In 1940 School Lunch Workers made 50 cents an hour and nothing more.  This meant no health benefits, no job security, and no pension plan.  There was no union, no grievance process and no way to fight back.

Then came Harry Gray, he was a Lunch Worker in the Central Kitchen of the Bureau of Lunches.  He was a worker, a fighter and a believer in people power and the power of unions.  In 1941, he put this beliefs into action as he began organizing other workers and “talking union.”  He spoke of better wages, better working conditions and a better way of life.  The more Harry talked the more workers listened.  By 1943, his “union talk” had organized 500 Central Kitchen workers.  As more people got involved, the organizing grew.  People like; Goodman “Goddie” Kerstein kept the momentum going and eventually this momentum led to organizing not only the workers of Central Kitchen but also the Lunch workers in elementary schools.  As more and more workers joined together, the union; Local 372 was born.

In 1945, the members of Local 372 were able to win their first pay increase of 15 cents, bringing them from 50 cents an hour to 65 cents an hour.  However, there was more.  The members were also able to win 20 vacation days and 12 sick days for all monthly/annual workers.  A year later members fought for and won the right to participate in the Board of Education retirement program. Additionally full time workers had their work week cut from 42 hours to 37.5, with no decrease in pay.  It had become clear that the Lunch Workers and now members of Local 372 had left the days of meager pay and nothing more behind.

Today, Local 372 is the largest union within District Council 37, which is the largest municipal union in New York City. All Local 372 members are within the schools supporting the administration and teachers to ensure that New York City’s public school children are safe and learning.

Local 372 represents nearly 25,000 Department of Education employees who provide essential support services to the 1.2 million children – and their families – in New York City public schools. The jobs our members do are critical in making the school system properly function. Without the work of our members, school teachers would not have the sufficient time to teach in the classrooms. Local 372 members, who are sometimes referred to as “non-pedagogical” employees because they are non-teaching staff, work in the cafeterias handling food and watching/helping children, in the hallways and schoolyards monitoring children to ensure their safety, in classrooms providing anti-violence/gang and drug prevention counseling, in homeless shelters to ensure that parents send their children to school despite living in a shelter, in DOE warehouses dealing with non-perishable goods, on trucks bringing supplies to the schools, and in the streets as crossing guards to make sure kids get to school safely.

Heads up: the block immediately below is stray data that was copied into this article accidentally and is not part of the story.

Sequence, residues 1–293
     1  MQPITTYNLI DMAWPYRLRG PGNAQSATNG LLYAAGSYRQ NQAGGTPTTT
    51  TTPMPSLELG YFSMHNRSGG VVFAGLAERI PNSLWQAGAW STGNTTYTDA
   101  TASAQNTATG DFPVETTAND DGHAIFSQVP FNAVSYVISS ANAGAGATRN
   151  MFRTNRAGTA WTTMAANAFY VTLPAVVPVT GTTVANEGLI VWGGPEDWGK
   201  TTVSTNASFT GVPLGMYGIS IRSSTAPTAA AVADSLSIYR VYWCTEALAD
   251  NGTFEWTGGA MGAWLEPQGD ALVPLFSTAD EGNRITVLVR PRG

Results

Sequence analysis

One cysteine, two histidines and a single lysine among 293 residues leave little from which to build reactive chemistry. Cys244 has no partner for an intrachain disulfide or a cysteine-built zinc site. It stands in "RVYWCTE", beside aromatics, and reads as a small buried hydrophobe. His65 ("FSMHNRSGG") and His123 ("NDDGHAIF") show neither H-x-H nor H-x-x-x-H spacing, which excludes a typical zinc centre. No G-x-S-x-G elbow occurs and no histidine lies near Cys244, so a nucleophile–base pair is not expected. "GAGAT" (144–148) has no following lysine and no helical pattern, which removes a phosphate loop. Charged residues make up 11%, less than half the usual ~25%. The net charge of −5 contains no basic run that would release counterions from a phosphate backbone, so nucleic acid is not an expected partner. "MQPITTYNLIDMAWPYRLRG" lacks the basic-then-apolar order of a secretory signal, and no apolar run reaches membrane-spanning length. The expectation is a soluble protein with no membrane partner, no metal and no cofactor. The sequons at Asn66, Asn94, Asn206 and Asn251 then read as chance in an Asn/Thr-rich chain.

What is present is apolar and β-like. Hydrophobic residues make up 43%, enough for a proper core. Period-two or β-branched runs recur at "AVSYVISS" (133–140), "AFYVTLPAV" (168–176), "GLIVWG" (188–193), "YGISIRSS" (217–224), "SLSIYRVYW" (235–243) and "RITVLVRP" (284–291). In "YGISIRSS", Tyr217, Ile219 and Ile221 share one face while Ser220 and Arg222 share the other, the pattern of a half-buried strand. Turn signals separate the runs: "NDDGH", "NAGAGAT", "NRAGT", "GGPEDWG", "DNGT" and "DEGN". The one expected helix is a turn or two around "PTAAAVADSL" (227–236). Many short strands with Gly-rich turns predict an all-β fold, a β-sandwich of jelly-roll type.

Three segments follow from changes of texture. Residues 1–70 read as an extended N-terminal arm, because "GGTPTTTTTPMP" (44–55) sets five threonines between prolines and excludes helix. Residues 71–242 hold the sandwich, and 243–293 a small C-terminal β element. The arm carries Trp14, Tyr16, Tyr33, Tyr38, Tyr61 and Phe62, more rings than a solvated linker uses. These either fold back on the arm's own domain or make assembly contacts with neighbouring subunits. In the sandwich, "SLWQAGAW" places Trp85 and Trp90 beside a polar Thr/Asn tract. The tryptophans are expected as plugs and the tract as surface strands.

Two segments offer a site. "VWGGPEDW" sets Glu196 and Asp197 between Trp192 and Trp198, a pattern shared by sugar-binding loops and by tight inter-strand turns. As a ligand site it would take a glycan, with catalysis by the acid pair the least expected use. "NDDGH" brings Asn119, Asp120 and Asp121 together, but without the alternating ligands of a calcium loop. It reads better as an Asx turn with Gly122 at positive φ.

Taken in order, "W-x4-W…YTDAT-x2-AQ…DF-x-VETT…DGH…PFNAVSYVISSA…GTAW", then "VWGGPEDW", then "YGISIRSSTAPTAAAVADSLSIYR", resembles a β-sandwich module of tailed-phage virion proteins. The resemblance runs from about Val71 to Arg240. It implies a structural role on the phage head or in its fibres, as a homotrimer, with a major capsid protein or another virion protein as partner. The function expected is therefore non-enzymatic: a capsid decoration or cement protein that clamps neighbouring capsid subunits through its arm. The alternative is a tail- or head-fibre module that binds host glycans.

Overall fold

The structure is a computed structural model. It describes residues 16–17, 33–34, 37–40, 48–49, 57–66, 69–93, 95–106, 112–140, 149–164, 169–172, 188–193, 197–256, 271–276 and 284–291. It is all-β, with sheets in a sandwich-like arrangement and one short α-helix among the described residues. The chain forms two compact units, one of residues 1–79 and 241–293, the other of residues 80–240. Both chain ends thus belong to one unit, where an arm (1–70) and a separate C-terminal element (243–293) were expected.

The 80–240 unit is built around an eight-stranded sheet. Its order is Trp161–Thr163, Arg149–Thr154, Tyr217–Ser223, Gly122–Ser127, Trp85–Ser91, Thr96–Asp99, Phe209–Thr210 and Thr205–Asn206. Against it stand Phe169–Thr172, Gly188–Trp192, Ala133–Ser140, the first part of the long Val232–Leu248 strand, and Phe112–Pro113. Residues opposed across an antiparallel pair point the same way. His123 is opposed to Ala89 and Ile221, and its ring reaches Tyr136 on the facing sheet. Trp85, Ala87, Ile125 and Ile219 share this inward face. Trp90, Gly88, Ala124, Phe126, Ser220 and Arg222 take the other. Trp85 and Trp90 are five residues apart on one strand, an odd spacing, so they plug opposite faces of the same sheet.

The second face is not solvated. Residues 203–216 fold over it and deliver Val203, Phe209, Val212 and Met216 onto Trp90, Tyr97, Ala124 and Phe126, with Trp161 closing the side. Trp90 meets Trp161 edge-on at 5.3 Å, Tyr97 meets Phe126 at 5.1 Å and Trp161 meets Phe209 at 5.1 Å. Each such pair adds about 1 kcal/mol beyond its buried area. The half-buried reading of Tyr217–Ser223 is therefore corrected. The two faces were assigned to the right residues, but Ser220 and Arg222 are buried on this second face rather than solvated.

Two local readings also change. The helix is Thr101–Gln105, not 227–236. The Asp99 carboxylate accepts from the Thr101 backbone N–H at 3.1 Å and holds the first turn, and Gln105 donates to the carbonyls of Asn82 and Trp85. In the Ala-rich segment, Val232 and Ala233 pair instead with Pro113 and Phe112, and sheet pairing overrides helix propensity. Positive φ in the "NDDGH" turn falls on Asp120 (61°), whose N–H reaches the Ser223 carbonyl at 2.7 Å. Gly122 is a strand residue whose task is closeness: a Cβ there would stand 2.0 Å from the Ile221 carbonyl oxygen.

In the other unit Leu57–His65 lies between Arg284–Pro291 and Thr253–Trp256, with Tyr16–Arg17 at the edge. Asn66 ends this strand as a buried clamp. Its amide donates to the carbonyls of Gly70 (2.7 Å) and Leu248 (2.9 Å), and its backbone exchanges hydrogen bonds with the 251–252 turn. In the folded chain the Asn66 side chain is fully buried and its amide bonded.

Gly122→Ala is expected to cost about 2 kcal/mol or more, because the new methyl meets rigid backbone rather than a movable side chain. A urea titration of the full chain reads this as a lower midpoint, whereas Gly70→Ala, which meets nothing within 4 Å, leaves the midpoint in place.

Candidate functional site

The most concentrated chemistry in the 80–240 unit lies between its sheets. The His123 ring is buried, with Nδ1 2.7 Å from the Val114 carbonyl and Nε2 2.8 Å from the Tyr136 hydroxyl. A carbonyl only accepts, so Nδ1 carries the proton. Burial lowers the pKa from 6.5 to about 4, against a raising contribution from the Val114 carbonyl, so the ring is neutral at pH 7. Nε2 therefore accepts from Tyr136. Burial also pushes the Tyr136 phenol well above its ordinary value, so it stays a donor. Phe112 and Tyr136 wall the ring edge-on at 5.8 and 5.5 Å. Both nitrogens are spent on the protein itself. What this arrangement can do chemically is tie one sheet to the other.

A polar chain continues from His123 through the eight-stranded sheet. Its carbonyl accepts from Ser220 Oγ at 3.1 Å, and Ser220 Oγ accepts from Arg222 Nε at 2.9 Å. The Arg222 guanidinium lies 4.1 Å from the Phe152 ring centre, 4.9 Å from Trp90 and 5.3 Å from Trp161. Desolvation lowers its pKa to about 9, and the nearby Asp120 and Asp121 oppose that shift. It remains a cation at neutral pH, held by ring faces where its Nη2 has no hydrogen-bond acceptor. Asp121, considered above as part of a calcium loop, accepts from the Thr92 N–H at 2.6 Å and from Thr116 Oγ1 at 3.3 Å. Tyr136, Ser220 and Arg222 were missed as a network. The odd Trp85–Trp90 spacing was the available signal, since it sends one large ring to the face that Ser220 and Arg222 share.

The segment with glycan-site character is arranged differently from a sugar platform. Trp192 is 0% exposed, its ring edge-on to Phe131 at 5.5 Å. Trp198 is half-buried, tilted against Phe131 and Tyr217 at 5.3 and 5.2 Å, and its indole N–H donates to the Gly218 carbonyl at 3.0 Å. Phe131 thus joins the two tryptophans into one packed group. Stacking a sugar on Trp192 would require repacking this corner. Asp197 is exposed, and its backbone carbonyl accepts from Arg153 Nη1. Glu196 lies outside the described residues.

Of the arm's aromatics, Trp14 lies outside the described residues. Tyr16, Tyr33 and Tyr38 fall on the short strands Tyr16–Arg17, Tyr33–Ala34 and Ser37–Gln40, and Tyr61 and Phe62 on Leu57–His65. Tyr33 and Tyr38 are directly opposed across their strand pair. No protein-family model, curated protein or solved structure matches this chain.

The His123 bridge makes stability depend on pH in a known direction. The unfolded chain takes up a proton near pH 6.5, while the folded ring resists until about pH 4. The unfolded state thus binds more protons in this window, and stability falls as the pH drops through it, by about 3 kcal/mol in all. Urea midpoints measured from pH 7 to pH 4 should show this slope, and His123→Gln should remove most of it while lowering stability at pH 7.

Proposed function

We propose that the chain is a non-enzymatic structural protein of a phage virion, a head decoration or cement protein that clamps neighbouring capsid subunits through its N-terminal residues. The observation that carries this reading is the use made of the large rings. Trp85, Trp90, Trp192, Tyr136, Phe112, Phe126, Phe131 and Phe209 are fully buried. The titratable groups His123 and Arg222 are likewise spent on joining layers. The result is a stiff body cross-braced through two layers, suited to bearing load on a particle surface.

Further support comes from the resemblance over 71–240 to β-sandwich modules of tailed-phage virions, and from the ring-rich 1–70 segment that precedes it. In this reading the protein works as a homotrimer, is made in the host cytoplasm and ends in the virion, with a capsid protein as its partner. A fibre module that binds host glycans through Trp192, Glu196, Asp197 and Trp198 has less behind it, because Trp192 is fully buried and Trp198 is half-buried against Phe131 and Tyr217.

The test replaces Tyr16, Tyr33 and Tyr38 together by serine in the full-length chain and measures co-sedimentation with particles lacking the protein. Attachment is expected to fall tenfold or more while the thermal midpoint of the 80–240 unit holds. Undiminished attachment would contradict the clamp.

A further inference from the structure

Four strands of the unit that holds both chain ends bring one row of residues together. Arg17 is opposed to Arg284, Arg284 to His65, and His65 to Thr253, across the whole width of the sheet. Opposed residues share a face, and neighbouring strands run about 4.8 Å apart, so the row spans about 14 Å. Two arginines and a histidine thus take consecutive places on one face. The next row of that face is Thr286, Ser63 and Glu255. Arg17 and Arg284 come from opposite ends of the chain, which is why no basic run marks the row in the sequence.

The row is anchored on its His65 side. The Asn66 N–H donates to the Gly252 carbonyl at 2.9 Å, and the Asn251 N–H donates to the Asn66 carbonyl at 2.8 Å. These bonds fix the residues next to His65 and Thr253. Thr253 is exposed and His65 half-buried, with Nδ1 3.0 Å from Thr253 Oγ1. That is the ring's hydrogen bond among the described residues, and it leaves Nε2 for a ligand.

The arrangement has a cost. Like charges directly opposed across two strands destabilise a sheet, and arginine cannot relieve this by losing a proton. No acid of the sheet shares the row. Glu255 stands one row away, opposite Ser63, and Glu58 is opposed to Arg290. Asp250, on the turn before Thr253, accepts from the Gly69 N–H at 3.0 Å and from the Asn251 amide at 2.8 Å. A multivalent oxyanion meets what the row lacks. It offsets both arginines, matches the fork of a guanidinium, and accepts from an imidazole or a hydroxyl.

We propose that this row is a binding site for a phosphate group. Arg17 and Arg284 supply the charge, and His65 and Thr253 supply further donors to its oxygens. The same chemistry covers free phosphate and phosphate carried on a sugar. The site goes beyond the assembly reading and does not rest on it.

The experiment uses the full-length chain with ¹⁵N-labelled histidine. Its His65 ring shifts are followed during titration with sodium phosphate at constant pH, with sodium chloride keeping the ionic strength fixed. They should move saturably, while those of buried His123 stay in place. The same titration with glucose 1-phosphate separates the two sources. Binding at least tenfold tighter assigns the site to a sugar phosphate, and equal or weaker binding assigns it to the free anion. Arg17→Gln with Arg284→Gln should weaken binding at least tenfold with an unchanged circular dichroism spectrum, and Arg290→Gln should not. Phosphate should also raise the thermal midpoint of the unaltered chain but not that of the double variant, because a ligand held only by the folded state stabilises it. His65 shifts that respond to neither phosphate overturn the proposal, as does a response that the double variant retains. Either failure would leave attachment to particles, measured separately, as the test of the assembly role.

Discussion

School Aides – They help the teachers get prepared to teach, doing administrative work that the teacher would otherwise do — freeing up time so the teacher has more time to teach. Without our school aides, our children not enjoy the undivided attention of their teachers. School aides also monitor school yards and make sure predators are not in the yards, they help keep schools safe for kids.

Health Aides – Children invariably get sick and have accidents during the day. That’s when our health aides step in as they staff the school health services rooms. They’re trained and ready to administer first aid to kids.

School Lunch Employees – (Cooks, Lunch Helpers, Loaders & Handlers) Studies prove that children who eat breakfast learn better than those who go without breakfast. Our lunch employees — from those who prepare nutritious meals to those who monitor the lunch room to ensure its peace and safety — are there feeding kids to make sure they’re healthy and prepared to learn.

School Crossing Guards – They’re your children’s first line of defense, on the streets everyday in freezing weather, rain, and snow to make sure your child crosses the streets safely. A safe school day begins with our crossing guards.

Substance Abuse Prevention & Intervention Specialists (SAPIS) – Children are faced with all types of issues regarding substance abuse in today’s society. Our SAPIS workers are specially trained in substance abuse prevention. They provide critical education, prevention, and intervention services to ensure that children lead a substance-free life.

Family Paraprofessionals – Parents need resources in the schools. Our family paraprofessionals assist parents by tracking student absenteeism, making home calls and visits to prevent truancy. They’re a trusted resource and help parents find and utilize community services to help their children.

Parent Coordinators, Community Associates, Community Coordinators, School Neighborhood Workers – New York City schools, which are very bureaucratic, have become one of the most complex systems for parents to navigate. Our parent coordinators act as a conduit between the school, the teachers, the administration and the children. Parent coordinators help parents get involved and get the services they need to ensure gets a proper education.